Classic Chassis gathers the gays for Golden Girls, its milestone 25th anniversary car reunion in Fort Worth


ROCKIN’ DOWN THE HIGHWAY | Car enthusiast and professional master of ceremonies Paul. J. Williams is a long-standing member of Classic Chassis, and his 1971 Cadillac El Dorado convertible can attest to his bona fides. (Arnold Wayne Jones/Dallas Voice)


STEVEN LINDSEY  | Contributing Writer

The Golden Girls are back! Although the only way Dorothy, Blanche, Rose and Sophia will make appearances is if someone named four old automobiles after the iconic characters.

Nope, this weekend’s Golden Girls event marks a milestone 25th annual gathering of all Texas Chapters of the Classic Chassis Car Club, a predominantly LGBT organization that welcomes car lovers of all makes and models. (Straight, too.)

According to the club’s mission statement, the CCCC membership is comprised of those who know the smallest of styling details to gear-heads who perform their own restorations. Membership is open to all, even those who do not yet own a classic or special interest car. Their common bond is an interest and appreciation for autos that are special to the individual, no matter the reason.

“It’s a really cool way to meet people and network,” says Bryan Howell, vice president of the Dallas chapter — especially those who “share in a common love of cars.”

Even though the club has “classic” in its name, that term is loosely construed. Even what many people would consider new cars can have a place within the group.

“There’s a 2008 Pontiac coming to the show, but Pontiac doesn’t exist any more so it’s considered unique,” Howell says.

One weekend a year, CCCC groups gather in a Texas city to socialize and show off the latest additions to their collections. This year’s Golden Girls gathering is in Fort Worth, with events through Sunday, including plenty of opportunities for the classic car curious to learn more about the pastime that’s a casual hobby for some and an obsession for others.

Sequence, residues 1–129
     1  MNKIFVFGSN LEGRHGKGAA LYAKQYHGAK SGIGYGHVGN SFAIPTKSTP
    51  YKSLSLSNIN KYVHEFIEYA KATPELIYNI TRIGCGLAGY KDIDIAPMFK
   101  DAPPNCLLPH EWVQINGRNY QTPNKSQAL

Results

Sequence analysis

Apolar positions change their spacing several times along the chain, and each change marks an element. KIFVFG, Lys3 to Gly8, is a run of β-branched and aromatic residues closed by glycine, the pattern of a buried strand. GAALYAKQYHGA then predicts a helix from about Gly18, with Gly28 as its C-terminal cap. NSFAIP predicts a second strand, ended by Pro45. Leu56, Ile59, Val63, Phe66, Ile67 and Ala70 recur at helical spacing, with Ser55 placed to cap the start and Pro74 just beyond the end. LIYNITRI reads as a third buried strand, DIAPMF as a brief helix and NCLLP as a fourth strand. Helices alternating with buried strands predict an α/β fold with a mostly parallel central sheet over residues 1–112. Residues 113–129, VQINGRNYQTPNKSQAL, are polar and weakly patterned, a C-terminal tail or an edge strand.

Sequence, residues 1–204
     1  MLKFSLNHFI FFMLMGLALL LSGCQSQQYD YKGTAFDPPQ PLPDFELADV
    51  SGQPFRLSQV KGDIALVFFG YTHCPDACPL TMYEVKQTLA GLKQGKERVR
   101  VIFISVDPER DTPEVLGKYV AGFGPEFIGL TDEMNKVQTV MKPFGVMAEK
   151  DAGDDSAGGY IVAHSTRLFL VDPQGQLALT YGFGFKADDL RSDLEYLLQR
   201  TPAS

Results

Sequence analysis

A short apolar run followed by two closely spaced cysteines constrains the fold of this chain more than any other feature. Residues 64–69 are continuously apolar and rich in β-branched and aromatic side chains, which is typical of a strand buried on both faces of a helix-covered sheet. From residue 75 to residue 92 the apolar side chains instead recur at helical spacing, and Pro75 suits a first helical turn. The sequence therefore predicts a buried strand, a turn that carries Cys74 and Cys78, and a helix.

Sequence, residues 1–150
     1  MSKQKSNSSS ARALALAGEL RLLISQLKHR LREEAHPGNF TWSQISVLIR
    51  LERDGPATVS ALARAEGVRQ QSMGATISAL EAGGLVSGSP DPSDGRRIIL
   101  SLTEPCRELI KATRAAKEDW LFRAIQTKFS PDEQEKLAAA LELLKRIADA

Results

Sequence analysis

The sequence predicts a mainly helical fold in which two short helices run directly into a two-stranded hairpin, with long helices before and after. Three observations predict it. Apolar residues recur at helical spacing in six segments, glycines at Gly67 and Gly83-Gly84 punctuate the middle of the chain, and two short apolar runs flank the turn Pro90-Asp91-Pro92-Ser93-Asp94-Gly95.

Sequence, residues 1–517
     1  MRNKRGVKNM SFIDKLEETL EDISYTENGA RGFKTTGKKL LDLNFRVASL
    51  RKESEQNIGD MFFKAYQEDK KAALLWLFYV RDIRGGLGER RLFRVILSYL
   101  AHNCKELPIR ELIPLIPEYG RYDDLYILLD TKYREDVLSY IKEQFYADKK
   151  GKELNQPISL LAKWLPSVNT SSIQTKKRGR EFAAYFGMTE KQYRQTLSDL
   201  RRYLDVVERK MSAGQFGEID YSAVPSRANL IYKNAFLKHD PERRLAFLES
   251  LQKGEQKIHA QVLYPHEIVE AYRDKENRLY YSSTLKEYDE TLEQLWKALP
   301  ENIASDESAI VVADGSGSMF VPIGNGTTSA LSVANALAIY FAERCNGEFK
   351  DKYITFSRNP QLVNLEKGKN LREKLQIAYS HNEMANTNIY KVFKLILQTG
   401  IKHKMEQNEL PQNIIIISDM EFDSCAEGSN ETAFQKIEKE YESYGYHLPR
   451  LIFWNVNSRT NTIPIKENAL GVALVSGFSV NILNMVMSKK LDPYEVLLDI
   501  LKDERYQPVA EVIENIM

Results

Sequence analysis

For Howell, his love of all things automobile goes back a long way.

“My passion for cars goes back to when I was 20 months old. I remember going to the car dealership with my father and buying this new car. I was heartbroken to see our old car go. My dad got a brand new ’69 Pontiac Custom S Sport Coupe. We get out onto this little road outside the dealership and he punches it. It threw me into the back seat and I was immediately in love,” he recalls with a smile. “This year, in fact, I was able to buy the identical car in a convertible version. The car I first fell in love with I now have. It’s in the shop and I hope to have it ready for this weekend.”

Howell notes that even though he’s loved cars for a long time, it wasn’t until about 10 years ago that he could start to afford decent cars. But his passion falls somewhere between hobby and obsession.

“Nothing I have is show-quality, but you can get into any of my cars and drive to L.A. Others in the club, they have cars that are museum-worthy.”

Paul J. Williams, a long-standing car enthusiast and member of CCCC, gets to combine his gearhead status and quick-witted MCing duties as well — he’ll serve as this year’s banquet and awards ceremony host.

“We’re really excited. He’s going to lend a whole new air to the thing,” Howell says of Williams.

Williams himself says he enjoys Classic Chassis because its membership has a different attitude than other car clubs.

“Straight guys, by and large, buy muscle cars and show off the engines. Gay guys buy glamour cars and go all out on presentation, often utilizing hat boxes, mannequins and/or matching luggage!” Williams says.

Indeed, accessories are key to many aspects of the weekend, particularly the Road Rallye on Friday afternoon, where participating cars take a scenic drive to collect information and articles on a scavenger hunt in search of Miss Golden Girl 2012.

And in a regulation that’s most likely unique to clubs of this variety, at least one person in each car must be in drag.

The Rallye ends with a happy hour and catered BBQ dinner at Club Reflection that is open to the public, which makes it a great first chance to learn more about the club. The group will also assemble Saturday for Concours in the Park, a car show held at Trinity Park where people can interact with the car owners, possibly even go along for a ride.

Through this weekend and other events, the group hopes to attract a new generation of enthusiasts to keep the passion alive for decades to come, even though the average age skews toward members over 40 for the most part.

“We’re not a bunch of dirty old men,” Williams assures. “Unless you smell like an old car.”

Events include a happy hour at Club Reflections, 604 Jennings St., Fort Worth, Friday, 5–7 p.m., followed by a barbecue dinner, a car show at Trinity Park with lunch Saturday, 11 a.m.–2 p.m., and banquet/awards dinner at Esparanza’s, 2122 N. Main St., Fort Worth, Saturday, 6–9 p.m. For a complete list of activities, visit

This article appeared in the Dallas Voice print edition November 9, 2012.